When the Copa America starts this weekend, Lionel Messi will face the familiar situation of carrying the weight of a nation's hopes and expectations on his shoulders.
Argentinas chances will again largely rest on the genius in the number 10 shirt; invested in him will be his countrys dreams of ending a 26-year wait for a major international trophy.
Since winning the Copa America in 1993, Argentina have suffered the pain of defeat in five major finals – Messi playing in four of those.
In that time, Argentinas national footballing agonies have become Messis personal tragedies; a running sore that has festered despite all the glittering success he has enjoyed with Barcelona.
Messi has picked up four Champions League titles and dozens of other prizes with his club.
But with Argentina, nothing.
After junior success at the Under-20 World Cup and Olympics, there has been no reward for Messis 130 senior caps and 67 goals.
Indeed, the tears that Messi shed on his full debut for Argentina as an 18-year-old in 2005 – when he was sent off less than two minutes after coming on against Hungary – were a harbinger of what was to come.
In the 2007 Copa America final against Brazil, an Argentina team that had been impressive in the tournament up to that point went down to a 3-0 defeat.
Messi was just 20 at the time, and not yet the fulcrum of his nations hopes, but that was a tag he firmly bore as captain by the time Argentina reached the World Cup final in Brazil in 2014.
But again, he was largely peripheral in a final that his team lost 1-0 in extra-time to Germany, famously seen wandering off as manager Alejandro Sabella gave a team talk at the end of full time.
Agony followed in consecutive years in Copa America finals, first in 2015 when Argentina lost a shootout to hosts Chile, again after Messi had failed to make his mark on the game.
The following year, Messi missed a penalty in the shootout in New York as Argentina again lost to Chile in the centenary edition of the tournament.
A distraught Messi famously quit the team in the aftermath, vowing: "This is not for me. We've lost again. Another final. I'm not meant to be here."
He did, of course, reverse that decision, but has since faced more misery at the World Cup in Russia last summer, where despite a stunning goal against Nigeria in the group stage he failed to leave his mark on another major tournament.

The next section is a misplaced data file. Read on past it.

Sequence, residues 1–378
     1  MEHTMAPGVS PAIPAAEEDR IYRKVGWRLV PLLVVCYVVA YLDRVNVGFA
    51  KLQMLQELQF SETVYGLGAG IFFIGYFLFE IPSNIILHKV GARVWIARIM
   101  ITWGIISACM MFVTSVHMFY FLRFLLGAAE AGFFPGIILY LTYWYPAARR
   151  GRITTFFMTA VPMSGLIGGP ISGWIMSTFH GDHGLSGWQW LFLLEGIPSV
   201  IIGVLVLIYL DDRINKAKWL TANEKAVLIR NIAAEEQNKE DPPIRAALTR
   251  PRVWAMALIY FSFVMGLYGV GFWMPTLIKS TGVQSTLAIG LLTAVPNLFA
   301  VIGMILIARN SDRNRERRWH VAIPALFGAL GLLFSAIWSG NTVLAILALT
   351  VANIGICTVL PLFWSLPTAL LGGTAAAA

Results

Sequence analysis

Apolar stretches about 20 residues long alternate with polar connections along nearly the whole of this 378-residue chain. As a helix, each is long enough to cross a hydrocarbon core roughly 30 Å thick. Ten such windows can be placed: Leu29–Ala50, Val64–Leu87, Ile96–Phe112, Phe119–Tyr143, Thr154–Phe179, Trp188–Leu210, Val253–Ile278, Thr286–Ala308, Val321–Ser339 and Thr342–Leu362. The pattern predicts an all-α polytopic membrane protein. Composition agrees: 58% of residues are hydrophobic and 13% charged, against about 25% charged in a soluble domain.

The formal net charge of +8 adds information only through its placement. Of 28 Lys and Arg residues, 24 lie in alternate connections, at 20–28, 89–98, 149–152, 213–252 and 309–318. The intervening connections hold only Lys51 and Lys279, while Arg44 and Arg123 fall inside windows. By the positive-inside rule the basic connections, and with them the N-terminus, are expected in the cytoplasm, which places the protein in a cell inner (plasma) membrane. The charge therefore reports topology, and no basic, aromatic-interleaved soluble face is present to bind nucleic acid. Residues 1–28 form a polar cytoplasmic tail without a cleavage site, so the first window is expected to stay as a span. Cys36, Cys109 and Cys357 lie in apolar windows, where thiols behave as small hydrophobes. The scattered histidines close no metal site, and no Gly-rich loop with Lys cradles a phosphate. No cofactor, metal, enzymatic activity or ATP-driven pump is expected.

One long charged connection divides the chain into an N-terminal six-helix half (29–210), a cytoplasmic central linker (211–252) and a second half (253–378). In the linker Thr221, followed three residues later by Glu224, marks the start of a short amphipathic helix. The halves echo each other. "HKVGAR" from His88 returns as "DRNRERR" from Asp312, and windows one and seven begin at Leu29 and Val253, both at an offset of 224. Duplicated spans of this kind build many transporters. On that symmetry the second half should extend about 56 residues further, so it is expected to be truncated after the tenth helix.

A steady beacon of brilliance at Barcelona, Messi has sparkled more intermittently in the famous white and light blue of Argentina: a wonderful lob against Mexico in the 2007 Copa America, a curled effort to break a resolute Iran at the World Cup in 2014, a hat-trick against Ecuador to drag his nation into last years finals in Russia.
Significantly, though, he has never conjured up those moments of magic when it matters most, almost as if the burden of carrying Argentina so far proves too much just when the stakes are highest.
Messi as Argentinas messiah is a complex story. While he is held up as a once-in-a-generation talent, he is not revered in the same way as Diego Maradona, that other legendary Argentine number 10.
Maradona almost single-handedly dragged his nation to World Cup glory in 1986; Messi does not have that career-defining tournament to his name.
Maradona did his time domestically at Boca Juniors before departing for Europe, while Messi was gone at the age of 13 and has been at Barcelona ever since.
Perhaps because he is a distant hero – geographically at least – Messi is also perceived as having less passion for his homeland.
That notion is false – Messi wears his heart on his blue and white Argentine sleeve just as much as he does in the famous Blaugrana of Barcelona – but it is a persistent one.
It is also wrong to pin Argentinas failings solely on Messis shoulders.
Nine managers have been in place since he made his debut, and the team has often been accompanied by the typical turmoil and intrigue that surrounds the national set-up.
But as the leader of the team and the fulcrum of their hopes and dreams, Messi is naturally placed in a searing spotlight far more than any other player when they fail.
As Messis star has risen, so has his control over the Argentina team, to such an extent that he reportedly wields power over who is called up and who isnt.
Successive Argentine managers have found the challenge of managing Messi difficult; the environment at Barcelona – which has been carefully calibrated and constructed around their star man since the days of Pep Guardiola – is much harder to replicate at international level, where games are far fewer and farther between.
Ahead of the World Cup in Russia, then-manager Jorge Sampaoli said Argentina was “Messis team,” and the captain was famously seen gathering the team for a huddle in the tunnel at half-time during the crunch game against Nigeria,Read More – Source